From the Fort Wayne Children’s Zoo:
She’s strong and she’s beautiful, and now the Fort Wayne Children’s Zoo’s six-week-old red panda cub has a name to match.
Zoo keepers have bestowed the name “Maliha” on the little female cub – a name that means “strong and beautiful” in a Nepalese language.
Born on June 9, Maliha is the first of four red panda cubs born at the zoo in the last three years to survive longer than two weeks. About half of all red panda cubs die within 30 days of birth.
Red pandas are an endangered species.
Zoo Keeper Helena Lacey, who works with the red pandas daily, chose the baby’s name to reflect her wild heritage – red pandas are native to Nepal and China – and to fit the cub’s personality.
“I also wanted her name to reflect the whole journey we’ve been on with our red pandas for the last three years,” she said. “Plus, she is a very strong cub, and beautiful too!”
Maliha still spends all her time in an air-conditioned nest box with her mother, five-year-old Xiao, but is gradually becoming more active, Lacey says. “Maliha rolls around, plays with her feet, and stays awake more,” Lacey says. “She tries to walk, but her feet still slide out from under her.”
Red panda cubs typically remain in the nest box for about three months. This means that zoo guests have little chance of seeing the cub until late August or early September. Zoo keepers monitor Xiao and Maliha via a remote camera mounted in the nest box.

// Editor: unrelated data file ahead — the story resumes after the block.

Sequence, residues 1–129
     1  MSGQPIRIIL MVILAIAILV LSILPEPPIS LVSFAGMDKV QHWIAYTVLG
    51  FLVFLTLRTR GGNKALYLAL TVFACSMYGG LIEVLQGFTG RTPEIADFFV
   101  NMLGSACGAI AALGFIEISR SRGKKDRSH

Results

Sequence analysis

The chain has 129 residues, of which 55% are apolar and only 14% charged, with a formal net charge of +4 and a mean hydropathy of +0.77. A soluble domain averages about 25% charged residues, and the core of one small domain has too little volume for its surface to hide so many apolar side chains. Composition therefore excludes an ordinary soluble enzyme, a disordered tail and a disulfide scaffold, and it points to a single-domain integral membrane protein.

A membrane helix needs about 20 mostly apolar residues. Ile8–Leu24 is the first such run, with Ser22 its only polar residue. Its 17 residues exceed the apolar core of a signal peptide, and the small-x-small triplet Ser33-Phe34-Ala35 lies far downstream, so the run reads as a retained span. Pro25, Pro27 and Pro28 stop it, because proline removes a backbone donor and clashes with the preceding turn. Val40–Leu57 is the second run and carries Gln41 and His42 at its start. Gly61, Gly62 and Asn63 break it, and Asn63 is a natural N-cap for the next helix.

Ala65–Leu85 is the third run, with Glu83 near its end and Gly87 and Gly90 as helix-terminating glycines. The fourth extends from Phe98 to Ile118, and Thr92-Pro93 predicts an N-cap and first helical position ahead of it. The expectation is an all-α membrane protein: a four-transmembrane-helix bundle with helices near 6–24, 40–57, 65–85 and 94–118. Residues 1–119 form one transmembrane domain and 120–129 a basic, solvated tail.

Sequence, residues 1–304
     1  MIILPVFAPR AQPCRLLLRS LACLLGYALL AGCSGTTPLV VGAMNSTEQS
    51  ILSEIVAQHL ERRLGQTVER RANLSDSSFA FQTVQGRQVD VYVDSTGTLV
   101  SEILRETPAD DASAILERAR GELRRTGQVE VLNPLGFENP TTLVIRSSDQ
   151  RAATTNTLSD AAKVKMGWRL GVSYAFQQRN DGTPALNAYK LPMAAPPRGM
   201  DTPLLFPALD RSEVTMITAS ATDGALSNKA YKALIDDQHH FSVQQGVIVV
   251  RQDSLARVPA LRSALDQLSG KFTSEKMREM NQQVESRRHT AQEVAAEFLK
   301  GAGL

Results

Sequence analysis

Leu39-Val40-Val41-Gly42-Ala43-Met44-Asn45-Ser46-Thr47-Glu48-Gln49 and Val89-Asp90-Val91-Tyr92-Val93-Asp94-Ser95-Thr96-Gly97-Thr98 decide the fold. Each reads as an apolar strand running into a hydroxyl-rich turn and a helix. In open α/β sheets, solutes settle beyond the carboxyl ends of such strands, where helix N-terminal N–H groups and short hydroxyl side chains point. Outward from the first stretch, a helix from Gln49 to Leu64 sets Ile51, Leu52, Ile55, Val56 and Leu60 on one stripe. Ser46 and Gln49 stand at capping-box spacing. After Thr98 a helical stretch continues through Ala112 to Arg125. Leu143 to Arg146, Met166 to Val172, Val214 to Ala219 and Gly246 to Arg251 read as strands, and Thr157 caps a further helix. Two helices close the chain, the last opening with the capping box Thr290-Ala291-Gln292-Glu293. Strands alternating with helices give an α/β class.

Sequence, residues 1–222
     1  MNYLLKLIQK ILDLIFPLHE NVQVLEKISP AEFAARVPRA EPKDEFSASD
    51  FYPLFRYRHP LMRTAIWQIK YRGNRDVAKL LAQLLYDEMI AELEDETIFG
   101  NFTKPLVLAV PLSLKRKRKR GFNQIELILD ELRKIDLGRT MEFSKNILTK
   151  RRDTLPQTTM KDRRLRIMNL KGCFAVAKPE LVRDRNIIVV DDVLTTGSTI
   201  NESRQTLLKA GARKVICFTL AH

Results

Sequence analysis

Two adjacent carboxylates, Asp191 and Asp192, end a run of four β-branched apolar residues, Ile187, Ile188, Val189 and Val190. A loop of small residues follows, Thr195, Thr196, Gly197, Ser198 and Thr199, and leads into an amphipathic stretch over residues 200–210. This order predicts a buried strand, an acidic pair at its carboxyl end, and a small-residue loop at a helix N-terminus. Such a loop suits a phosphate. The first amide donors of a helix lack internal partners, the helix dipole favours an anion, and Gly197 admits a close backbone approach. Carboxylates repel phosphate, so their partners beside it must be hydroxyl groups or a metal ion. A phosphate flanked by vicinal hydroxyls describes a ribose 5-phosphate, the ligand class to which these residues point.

Though Maliha is thriving, she still faces other hurdles. “Weaning is a critical time for red panda cubs as they make the transition from mother’s milk to solid food,” explains Lacey. Weaning occurs when the cub is five to six months old.
The path to the red panda exhibit remains closed to zoo guests in an effort to minimize disturbances for the new family. Guests can sometimes see Junjie, the cub’s father, lounging on branches in the exhibit.
Maliha is weighed regularly to ensure that she is receiving appropriate maternal care. She has nearly quadrupled her birth weight of 139 grams and now weighs 545 grams (about 1.25 pounds).
The breeding of red pandas is overseen by the Species Survival Plan (SSP), a program of the Association of Zoos & Aquariums (AZA). The goal of the SSP is to maximize genetic diversity in zoo-dwelling populations of endangered and threatened animals.
Red pandas are native to the forested foothills of the Himalaya Mountains in China and Nepal, where they feed primarily on bamboo. They are classified as “Vulnerable” by the International Union for Conservation of Nature (IUCN). Though red pandas share a name with the famed black-and-white giant pandas, the two are not closely related. The name “panda” comes from the Nepalese word ponya, which means “bamboo-eater.”